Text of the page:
A McKinsey Global Institute study last fall predicted that that shift is going to push one-third of Canadian workers out of their jobs over the next 15 years.
That puts a greater and greater onus on us to equip people with the skills they need to thrive in a rapidly changing world.
And at least as important, it means shifting the kind of skills we teach, toward those literacies and competencies that aren’t easily replaced by algorithms, automation and AI.
And then there’s our most pressing challenge: the climate crisis, an existential threat around the world. Addressing it and, increasingly, adapting to it, demands coordinated action at every level from the personal to the global.
That requires a robust civil society and adept, creative leadership. But the challenges here, too, are daunting.
We’re under sustained assault by forces opposed to the very idea of civil society and liberal democracy. Populists and demagogues find a hungry, eager audience among people who feel that economic transformation is leaving them behind. Nostalgia for past glory and privilege finds expression in the strident calls of exclusionary nationalism.
These are big, big challenges. Any one of them could legitimately demand our full attention — but they have converged at a single moment in time. Our moment. The choices made by our governments, our businesses, our people, our institutions and, yes, our graduates will have repercussions that long outlast us.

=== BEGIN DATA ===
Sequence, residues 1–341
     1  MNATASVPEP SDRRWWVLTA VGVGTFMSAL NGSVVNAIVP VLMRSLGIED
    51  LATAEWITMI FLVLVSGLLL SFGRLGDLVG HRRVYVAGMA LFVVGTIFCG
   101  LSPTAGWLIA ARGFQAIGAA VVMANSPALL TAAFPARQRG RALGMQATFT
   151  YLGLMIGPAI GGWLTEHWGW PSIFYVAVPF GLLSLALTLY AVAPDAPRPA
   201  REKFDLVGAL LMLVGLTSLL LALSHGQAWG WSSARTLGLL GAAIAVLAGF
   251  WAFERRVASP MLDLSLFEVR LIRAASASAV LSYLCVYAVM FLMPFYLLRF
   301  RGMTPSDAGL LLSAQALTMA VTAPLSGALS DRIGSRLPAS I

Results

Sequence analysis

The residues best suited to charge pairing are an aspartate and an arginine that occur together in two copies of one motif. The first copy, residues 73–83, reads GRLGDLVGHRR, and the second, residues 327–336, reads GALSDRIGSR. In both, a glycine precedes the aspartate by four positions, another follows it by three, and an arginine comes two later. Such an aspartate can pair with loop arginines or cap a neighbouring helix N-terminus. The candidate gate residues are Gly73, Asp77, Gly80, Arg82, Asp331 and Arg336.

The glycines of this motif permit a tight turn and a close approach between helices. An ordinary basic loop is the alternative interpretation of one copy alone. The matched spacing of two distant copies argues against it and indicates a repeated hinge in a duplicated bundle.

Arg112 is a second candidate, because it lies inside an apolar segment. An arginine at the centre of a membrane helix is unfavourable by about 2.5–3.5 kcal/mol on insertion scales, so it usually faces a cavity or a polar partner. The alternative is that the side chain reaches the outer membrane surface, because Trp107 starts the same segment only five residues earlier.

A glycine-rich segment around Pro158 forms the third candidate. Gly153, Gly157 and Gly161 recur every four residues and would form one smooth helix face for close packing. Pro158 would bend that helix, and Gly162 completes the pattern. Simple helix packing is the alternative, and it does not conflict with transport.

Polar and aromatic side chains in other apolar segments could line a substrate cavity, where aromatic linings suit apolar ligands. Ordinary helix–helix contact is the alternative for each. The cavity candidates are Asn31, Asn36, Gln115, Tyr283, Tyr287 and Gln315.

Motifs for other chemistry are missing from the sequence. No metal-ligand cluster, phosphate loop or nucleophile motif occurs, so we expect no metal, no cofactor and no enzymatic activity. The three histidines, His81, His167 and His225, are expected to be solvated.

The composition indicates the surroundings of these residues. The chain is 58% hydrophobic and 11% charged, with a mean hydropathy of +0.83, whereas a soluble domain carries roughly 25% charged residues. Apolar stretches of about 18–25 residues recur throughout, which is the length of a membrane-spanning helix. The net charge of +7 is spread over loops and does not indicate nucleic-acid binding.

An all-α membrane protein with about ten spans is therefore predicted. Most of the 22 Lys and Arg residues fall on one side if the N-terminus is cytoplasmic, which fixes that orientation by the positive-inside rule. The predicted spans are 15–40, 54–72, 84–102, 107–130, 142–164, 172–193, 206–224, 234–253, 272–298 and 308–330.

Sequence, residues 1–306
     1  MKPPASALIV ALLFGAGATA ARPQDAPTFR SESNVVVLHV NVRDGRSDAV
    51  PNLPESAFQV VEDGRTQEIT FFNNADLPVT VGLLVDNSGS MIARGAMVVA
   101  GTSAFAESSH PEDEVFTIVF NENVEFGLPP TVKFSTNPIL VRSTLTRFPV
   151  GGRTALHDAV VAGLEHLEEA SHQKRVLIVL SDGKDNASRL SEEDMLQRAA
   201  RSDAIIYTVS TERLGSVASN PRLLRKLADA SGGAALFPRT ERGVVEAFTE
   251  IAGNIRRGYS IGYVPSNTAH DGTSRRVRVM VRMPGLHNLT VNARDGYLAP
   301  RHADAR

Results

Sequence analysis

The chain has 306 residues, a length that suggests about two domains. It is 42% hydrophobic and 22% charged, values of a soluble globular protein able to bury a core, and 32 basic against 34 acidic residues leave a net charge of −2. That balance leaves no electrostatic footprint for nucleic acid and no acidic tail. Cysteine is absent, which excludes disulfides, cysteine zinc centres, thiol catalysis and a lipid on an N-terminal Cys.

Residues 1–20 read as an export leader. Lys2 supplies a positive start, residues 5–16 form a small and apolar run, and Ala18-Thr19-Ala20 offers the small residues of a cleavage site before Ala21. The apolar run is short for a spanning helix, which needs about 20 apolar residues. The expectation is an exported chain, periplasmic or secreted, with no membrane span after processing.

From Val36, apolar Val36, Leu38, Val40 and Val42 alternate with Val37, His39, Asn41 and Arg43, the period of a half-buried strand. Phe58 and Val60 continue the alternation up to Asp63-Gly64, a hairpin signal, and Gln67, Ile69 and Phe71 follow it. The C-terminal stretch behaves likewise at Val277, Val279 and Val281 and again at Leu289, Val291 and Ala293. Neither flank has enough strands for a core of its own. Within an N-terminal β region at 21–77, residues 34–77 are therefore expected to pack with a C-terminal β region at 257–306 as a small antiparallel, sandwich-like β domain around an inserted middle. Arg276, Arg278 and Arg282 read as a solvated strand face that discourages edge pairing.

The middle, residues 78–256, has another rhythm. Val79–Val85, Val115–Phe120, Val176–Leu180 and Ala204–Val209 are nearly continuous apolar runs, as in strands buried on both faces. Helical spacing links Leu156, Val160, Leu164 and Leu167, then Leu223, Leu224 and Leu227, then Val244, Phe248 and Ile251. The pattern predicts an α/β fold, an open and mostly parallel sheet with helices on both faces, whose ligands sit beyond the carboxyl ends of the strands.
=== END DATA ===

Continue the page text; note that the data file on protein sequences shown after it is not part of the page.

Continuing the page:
And that’s what makes this not only an opportunity but an obligation. An obligation to use the resources entrusted to us — our people, ideas and assets — to tackle challenges and heal divisions.
We are accountable to the future — and that, by the way, makes us especially accountable to our students, because they are our central purpose and our most important legacy.
So wherever Royal Roads can offer particular expertise, wherever we excel, we have a duty to step forward.
And the Royal Roads University I see us becoming is one that does just that. A university facing, and focused on, the future. Asking not just “what’s next” but what should be next. How we can journey together toward a future that is prosperous, sustainable and just.
And that applies to everything we do, in every program, with every course, through every graduate.
It means finding our opportunities to make change: those key interventions where our expertise has leverage, often in multiple spheres.
We also have a responsibility to equip our students with the tools to navigate the rapidly-shifting terrain of work. We talk about a Royal Roads education as life-changing — and it certainly is — but that makes it sound like a single event in someone’s life.
Yet we know that increasingly, the workplace will demand that people learn and relearn new skills, reinvent their careers, rebuild their expertise.